February 2006

IZA DP No. 1969: Human Capital Externalities and Growth of High- and Low-Skilled Jobs

published in: Jahrbücher für Nationalökonomie und Statistik (Journal of Economics and Statistics), 2010, 230 (1), 92-114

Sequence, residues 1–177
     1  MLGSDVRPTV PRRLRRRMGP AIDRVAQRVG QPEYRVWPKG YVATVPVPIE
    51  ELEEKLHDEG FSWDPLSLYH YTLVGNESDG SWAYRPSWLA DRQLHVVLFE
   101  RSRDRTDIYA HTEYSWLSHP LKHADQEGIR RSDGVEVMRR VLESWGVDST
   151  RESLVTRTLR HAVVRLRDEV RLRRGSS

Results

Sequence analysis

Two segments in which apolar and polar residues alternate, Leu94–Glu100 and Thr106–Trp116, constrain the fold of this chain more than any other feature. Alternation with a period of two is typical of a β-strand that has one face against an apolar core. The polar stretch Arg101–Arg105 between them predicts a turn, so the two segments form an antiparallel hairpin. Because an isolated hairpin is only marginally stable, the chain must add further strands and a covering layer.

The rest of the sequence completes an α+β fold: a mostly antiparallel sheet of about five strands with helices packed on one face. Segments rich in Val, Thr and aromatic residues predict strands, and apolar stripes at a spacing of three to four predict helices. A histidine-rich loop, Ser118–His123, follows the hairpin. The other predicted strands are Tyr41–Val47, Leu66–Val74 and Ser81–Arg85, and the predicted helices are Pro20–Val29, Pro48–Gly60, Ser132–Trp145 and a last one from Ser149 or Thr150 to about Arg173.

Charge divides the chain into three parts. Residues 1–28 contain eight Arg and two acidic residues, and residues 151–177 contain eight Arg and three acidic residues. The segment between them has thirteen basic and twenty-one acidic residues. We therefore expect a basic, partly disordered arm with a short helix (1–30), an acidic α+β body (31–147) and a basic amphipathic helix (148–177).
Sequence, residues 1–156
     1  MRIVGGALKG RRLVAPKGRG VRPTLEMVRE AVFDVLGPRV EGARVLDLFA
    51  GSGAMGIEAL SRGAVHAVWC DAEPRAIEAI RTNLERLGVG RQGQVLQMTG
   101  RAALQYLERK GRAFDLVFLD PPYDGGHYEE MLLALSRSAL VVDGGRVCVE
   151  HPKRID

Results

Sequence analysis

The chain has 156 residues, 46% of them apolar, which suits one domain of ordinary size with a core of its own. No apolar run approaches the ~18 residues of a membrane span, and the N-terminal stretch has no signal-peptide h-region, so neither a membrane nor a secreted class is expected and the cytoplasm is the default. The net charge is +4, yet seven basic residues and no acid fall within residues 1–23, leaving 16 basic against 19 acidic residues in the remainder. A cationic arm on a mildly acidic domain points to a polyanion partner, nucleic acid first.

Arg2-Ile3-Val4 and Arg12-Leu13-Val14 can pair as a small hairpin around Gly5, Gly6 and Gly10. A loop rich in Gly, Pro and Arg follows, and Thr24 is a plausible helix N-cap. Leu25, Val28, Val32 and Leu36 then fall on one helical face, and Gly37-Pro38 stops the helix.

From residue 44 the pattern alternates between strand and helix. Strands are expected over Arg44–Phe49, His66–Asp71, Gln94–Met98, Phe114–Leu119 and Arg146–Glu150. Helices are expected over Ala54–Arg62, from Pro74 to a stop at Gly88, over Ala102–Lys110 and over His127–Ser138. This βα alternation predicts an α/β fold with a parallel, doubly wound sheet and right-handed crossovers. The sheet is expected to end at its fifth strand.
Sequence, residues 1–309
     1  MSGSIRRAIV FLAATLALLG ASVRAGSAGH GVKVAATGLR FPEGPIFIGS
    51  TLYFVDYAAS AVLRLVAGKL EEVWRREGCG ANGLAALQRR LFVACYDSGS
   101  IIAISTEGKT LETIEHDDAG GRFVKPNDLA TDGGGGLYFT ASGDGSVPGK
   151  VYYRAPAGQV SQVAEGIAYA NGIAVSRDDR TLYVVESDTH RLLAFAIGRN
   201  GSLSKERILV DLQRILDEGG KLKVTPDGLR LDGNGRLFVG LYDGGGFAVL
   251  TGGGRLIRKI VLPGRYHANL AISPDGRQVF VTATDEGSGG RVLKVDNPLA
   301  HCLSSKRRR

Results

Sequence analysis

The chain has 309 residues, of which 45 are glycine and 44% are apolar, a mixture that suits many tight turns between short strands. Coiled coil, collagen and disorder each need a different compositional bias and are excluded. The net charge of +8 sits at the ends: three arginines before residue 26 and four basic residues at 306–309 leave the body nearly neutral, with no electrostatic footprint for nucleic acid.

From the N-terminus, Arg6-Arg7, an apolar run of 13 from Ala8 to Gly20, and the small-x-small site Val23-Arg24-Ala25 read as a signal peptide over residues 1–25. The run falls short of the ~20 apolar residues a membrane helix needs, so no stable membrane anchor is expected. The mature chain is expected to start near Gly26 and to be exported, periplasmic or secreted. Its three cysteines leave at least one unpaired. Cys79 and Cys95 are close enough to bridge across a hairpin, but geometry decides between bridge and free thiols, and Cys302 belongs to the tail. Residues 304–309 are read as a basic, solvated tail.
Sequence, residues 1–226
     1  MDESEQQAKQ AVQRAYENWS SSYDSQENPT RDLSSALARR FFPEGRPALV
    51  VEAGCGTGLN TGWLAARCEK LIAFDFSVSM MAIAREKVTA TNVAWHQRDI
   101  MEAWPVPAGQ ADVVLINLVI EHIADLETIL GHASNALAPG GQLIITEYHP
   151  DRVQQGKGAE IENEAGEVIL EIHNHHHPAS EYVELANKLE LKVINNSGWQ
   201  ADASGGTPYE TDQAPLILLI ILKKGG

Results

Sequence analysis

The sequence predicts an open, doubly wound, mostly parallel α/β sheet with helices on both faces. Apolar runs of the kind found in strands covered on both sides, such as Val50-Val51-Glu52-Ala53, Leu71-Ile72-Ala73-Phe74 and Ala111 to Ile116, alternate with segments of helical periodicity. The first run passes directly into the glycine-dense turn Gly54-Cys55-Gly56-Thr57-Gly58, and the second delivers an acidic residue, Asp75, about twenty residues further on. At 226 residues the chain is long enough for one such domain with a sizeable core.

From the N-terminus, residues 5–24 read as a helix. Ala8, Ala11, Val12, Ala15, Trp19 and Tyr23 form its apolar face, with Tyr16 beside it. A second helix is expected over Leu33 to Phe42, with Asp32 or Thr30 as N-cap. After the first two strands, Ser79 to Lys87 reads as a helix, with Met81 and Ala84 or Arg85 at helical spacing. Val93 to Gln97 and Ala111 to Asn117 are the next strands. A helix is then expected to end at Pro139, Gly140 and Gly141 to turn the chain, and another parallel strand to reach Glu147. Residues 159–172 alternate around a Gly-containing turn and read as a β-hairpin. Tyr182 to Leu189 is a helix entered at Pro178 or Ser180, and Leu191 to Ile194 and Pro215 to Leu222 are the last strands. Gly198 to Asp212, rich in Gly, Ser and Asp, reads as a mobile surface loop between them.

In this paper I analyze the impact of human capital on local employment growth for the case of West Germany (1977-2002). I find robust evidence that skilled cities grow faster than unskilled ones, but this need not indicate localized human capital externalities are at work. A large initial share of high-skilled workers significantly reduces subsequent growth of high-skilled jobs. The observed positive impact on total employment growth is, therefore, due to the fact that low-skilled jobs grow faster than high-skilled jobs decline in initially skilled cities. This evidence is in line with complementarities among skill groups as the major causal link between human capital and employment growth. It challenges theories of self-reinforcing spatial concentration of high-skilled workers due to strong localized spillovers.